Brooklyn’s Bull Pen – The Unsung Prospects

Is it something in the water in Brooklyn? We’ve all heard the hype about the Cyclones’ magnificent rotation in 2012, but Brooklyn also produced an outstanding group of relievers last year. Although many, if not most, major league relievers come from the ranks of failed minor league starters, this group of successful relievers may produce a few contenders for spots in minor league starting rotations on their way up. Others will remain solid prospects for major league bull pen spots in the future.

Matt Bowman – A 13th round pick in the 2012 First Year Player Draft, out of Princeton, the Mets were impressed with Bowman’s athleticism. In addition to a low-90s fastball that hit 95 mph during his pre-Draft workout with the Mets, Bowman features a hard slider, curveball and changeup. Assigned to Brooklyn, Bowman did not disappoint, making one start in his 12 appearances, posting a 2.45 ERA and a sub 1.00 WHIP while striking out just over a batter an inning. Most impressive, however, is that he allowed only two walks over 29.1 innings. With Brooklyn’s starting rotation of 2012 moving up to Savannah in 2013, Bowman’s performance earned him a spot in Brooklyn’s starting five (or six) this year.

Logan Taylor - The Mets took Taylor in the 11th round last year, and he had an extremely successful debut in Brooklyn, with an ERA of 0.93 and WHIP of 0.672, two walks, and 19 strikeouts in 19.1 innings, resulting in a K/BB ratio of 9.50. He has a nice 6’5’’ frame, weighing in at a sturdy 230 lbs, leaving him a little room to fill out even more. Taylor has a fastball in the low 90’s, a nice looking curve, and a fair amount of polish, which makes him one of the more promising arms the Mets drafted in 2012. Bowman, too, is likely to remain in Brooklyn, probably as a 5th starter.

John Mincone – One of the organization’s major surprises in 2012, Mincone came to the Mets via the independent Frontier League, after spending two rather unimpressive seasons in the Cubs farm system. In Brooklyn he rejuvenated his career, posting a 1.82 ERA, a 0.843 WHIP and a 4.83 K/BB. Perhaps the best part of Mincone’s season was that he was nearly unhittable, giving up just 5.78 hits per nine innings, ranking fifth out of about 55 eligible relief pitchers in the system. With his impressive performance, Mincone may have taken the next step to a long-term role as a LOOGY.

Paul Sewald - The Mets 2012 tenth rounder, Sewald shone as a member of the University of San Diego rotation last spring, and arguably became the Cyclones' top reliever following the draft, posting a 1.88 ERA in 23 games, a WHIP under 1.00, and an amazing 0.6 BB/9. Despite the 10.99 K/9, the 22-year-old is more of a finesse righty, which doesn't always play out of the 'pen, so don't be surprised to see him get a chance at starting.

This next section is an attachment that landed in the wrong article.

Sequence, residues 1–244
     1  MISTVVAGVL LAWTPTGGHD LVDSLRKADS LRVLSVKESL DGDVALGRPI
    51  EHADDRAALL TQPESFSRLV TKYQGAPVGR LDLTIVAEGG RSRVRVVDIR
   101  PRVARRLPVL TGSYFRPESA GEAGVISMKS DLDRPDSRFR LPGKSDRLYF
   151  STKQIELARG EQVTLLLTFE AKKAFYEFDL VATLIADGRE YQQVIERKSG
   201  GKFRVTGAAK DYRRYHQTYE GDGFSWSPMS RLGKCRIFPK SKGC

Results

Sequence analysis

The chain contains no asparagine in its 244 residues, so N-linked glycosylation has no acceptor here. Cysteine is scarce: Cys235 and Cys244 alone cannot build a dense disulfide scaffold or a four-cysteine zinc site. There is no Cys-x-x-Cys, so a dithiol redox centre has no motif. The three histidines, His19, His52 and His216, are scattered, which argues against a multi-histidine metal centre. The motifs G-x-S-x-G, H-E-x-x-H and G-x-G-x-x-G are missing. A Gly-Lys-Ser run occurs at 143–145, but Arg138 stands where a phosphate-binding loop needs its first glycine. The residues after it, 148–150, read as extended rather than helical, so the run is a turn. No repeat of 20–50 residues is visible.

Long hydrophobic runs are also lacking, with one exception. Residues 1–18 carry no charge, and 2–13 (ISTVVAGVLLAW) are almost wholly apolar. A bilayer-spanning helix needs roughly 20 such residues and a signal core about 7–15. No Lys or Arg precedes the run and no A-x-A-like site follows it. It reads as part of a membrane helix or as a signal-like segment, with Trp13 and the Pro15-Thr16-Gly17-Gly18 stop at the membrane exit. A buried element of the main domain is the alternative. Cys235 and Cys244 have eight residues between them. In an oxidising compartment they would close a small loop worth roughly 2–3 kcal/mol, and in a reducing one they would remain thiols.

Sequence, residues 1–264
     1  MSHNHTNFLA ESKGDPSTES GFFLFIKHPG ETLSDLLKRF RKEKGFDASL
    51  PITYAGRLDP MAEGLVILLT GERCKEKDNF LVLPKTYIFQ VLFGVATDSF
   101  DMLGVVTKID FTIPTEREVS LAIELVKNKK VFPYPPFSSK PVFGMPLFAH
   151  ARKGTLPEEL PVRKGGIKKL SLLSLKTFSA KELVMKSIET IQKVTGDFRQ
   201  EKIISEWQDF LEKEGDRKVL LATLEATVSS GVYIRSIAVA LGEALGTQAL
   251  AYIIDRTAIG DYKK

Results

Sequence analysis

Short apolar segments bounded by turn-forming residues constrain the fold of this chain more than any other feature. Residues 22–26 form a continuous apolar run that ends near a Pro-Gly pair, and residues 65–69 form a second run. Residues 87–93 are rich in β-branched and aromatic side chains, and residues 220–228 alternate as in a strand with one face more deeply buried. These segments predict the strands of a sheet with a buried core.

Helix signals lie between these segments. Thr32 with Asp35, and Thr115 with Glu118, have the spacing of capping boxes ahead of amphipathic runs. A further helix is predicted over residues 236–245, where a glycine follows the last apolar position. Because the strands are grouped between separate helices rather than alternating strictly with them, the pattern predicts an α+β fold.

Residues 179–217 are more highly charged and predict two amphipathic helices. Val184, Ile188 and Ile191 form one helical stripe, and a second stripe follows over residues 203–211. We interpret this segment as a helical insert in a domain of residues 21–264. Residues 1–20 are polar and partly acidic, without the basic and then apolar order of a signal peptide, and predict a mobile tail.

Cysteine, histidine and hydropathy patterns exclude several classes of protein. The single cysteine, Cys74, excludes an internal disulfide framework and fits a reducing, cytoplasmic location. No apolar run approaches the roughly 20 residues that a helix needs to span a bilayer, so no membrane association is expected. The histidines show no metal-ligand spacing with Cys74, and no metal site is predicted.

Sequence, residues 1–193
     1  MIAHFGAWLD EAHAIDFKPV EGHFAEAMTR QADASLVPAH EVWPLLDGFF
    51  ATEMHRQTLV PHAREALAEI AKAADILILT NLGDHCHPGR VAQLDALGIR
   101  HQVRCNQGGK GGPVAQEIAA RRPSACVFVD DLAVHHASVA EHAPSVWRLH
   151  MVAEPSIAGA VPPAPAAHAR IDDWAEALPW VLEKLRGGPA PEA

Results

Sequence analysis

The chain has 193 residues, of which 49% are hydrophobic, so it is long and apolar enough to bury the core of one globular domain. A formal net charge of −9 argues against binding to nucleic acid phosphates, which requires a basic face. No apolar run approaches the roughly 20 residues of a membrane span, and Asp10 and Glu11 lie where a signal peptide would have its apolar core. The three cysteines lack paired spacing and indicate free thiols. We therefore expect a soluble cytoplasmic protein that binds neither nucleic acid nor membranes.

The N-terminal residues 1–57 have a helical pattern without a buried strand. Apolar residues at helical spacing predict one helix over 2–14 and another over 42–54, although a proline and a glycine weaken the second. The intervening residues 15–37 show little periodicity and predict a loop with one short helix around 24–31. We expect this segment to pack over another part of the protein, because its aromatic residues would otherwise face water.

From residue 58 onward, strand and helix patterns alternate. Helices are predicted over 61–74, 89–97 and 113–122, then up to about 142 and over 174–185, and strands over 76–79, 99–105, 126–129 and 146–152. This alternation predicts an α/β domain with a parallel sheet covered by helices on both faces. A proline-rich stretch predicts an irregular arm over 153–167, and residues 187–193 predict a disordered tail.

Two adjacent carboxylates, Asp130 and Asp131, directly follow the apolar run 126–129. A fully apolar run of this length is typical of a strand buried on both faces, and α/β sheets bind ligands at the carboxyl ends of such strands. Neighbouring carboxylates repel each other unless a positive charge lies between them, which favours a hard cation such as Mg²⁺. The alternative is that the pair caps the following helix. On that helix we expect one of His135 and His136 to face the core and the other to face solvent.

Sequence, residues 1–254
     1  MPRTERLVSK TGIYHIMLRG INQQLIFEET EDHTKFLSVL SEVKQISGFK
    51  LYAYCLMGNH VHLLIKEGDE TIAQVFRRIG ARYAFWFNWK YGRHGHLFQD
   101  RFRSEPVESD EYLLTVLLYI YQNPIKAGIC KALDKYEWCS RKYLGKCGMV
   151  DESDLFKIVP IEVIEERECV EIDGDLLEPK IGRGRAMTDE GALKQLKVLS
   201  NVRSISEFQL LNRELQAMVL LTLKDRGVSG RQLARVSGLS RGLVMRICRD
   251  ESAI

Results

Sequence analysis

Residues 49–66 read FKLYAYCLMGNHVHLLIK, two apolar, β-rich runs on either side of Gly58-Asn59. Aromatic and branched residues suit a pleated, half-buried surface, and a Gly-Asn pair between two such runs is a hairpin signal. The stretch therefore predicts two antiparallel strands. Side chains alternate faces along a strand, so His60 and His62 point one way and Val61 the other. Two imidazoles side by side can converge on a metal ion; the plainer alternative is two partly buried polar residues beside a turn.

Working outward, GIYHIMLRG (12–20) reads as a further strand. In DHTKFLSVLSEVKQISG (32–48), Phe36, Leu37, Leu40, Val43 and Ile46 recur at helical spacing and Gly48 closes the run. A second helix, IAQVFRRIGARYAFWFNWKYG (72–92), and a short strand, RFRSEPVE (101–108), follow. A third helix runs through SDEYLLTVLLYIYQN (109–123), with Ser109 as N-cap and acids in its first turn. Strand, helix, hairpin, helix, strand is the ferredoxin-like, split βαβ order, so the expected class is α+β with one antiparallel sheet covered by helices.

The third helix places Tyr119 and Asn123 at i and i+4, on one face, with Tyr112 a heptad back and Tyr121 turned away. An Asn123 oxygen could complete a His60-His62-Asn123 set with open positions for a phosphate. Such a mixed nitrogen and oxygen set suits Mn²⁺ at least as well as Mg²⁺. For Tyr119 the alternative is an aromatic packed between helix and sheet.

Tyler Vanderheiden - A submarine pitcher, Vanderheiden might be 2012’s version of Jack Leathersich.  The Mets took him in the 19th round last year, and he already has a niche that he’s hoping will carry him to the big leagues. In 22 innings for Brooklyn last summer, Vanderheiden had a 0.82 ERA, giving up less than a hit per inning. Although not as prolific a strikeout artist as Leathersich, Vanderheiden was a ground ball machine. While his ceiling is not in the stratosphere, he knows his capabilities, accepts his role, and realizes what he has to do to get to the majors, and that means a lot at this stage in his career.

David Wynn – Perhaps an even bigger surprise than Mincone, Wynn was signed by the Mets as an undrafted free agent after a season for Mid-American Christian University, where the California native gave up 98 hits in 80 innings while recording an ERA of over seven. Wynn took full advantage of the opportunity, adapting quickly to the Brooklyn bullpen. He was almost unhittable, giving up only 4.3 hits per 9 innings and posting a 1.44 ERA.

Almost as impressive as the starting rotation in Brooklyn, these six men are worth keeping an eye on as they progress through the Mets organization.


G-Girl said...

What's with the photo of the Vintage Base Ball team?

Mack Ade said...

It was an attempt at humor.